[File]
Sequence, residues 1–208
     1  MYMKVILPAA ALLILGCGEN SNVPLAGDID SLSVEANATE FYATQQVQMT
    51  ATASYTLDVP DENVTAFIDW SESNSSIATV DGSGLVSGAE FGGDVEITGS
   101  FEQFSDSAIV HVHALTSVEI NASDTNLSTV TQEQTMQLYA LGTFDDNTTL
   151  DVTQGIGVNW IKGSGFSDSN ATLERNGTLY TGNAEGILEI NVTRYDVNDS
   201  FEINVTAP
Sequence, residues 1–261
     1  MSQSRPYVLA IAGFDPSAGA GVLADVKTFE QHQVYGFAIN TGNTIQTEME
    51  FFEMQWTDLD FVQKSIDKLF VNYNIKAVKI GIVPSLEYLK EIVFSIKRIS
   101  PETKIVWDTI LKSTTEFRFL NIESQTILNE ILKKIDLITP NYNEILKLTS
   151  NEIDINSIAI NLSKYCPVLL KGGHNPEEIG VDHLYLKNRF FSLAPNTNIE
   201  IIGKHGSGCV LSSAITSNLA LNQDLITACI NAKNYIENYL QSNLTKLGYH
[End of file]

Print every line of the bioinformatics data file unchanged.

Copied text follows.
Sequence, residues 1–208
     1  MYMKVILPAA ALLILGCGEN SNVPLAGDID SLSVEANATE FYATQQVQMT
    51  ATASYTLDVP DENVTAFIDW SESNSSIATV DGSGLVSGAE FGGDVEITGS
   101  FEQFSDSAIV HVHALTSVEI NASDTNLSTV TQEQTMQLYA LGTFDDNTTL
   151  DVTQGIGVNW IKGSGFSDSN ATLERNGTLY TGNAEGILEI NVTRYDVNDS
   201  FEINVTAP
Sequence, residues 1–261
     1  MSQSRPYVLA IAGFDPSAGA GVLADVKTFE QHQVYGFAIN TGNTIQTEME
    51  FFEMQWTDLD FVQKSIDKLF VNYNIKAVKI GIVPSLEYLK EIVFSIKRIS
   101  PETKIVWDTI LKSTTEFRFL NIESQTILNE ILKKIDLITP NYNEILKLTS
   151  NEIDINSIAI NLSKYCPVLL KGGHNPEEIG VDHLYLKNRF FSLAPNTNIE
   201  IIGKHGSGCV LSSAITSNLA LNQDLITACI NAKNYIENYL QSNLTKLGYH